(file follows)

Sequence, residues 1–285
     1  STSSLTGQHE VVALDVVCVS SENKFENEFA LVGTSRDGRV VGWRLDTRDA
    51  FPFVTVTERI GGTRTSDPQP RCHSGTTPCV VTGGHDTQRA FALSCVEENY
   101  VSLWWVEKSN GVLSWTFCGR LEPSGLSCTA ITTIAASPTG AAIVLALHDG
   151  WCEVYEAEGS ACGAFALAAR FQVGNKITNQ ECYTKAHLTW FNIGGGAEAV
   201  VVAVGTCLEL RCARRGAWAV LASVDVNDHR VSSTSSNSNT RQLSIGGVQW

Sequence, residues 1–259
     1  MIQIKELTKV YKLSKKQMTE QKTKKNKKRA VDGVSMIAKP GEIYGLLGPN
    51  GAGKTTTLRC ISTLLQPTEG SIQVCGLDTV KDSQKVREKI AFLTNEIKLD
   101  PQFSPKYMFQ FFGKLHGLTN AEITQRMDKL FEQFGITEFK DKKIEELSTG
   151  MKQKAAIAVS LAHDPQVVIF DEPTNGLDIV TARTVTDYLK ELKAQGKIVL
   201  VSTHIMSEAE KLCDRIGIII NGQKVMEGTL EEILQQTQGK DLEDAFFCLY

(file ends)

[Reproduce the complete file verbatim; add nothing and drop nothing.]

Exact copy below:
Sequence, residues 1–285
     1  STSSLTGQHE VVALDVVCVS SENKFENEFA LVGTSRDGRV VGWRLDTRDA
    51  FPFVTVTERI GGTRTSDPQP RCHSGTTPCV VTGGHDTQRA FALSCVEENY
   101  VSLWWVEKSN GVLSWTFCGR LEPSGLSCTA ITTIAASPTG AAIVLALHDG
   151  WCEVYEAEGS ACGAFALAAR FQVGNKITNQ ECYTKAHLTW FNIGGGAEAV
   201  VVAVGTCLEL RCARRGAWAV LASVDVNDHR VSSTSSNSNT RQLSIGGVQW

Sequence, residues 1–259
     1  MIQIKELTKV YKLSKKQMTE QKTKKNKKRA VDGVSMIAKP GEIYGLLGPN
    51  GAGKTTTLRC ISTLLQPTEG SIQVCGLDTV KDSQKVREKI AFLTNEIKLD
   101  PQFSPKYMFQ FFGKLHGLTN AEITQRMDKL FEQFGITEFK DKKIEELSTG
   151  MKQKAAIAVS LAHDPQVVIF DEPTNGLDIV TARTVTDYLK ELKAQGKIVL
   201  VSTHIMSEAE KLCDRIGIII NGQKVMEGTL EEILQQTQGK DLEDAFFCLY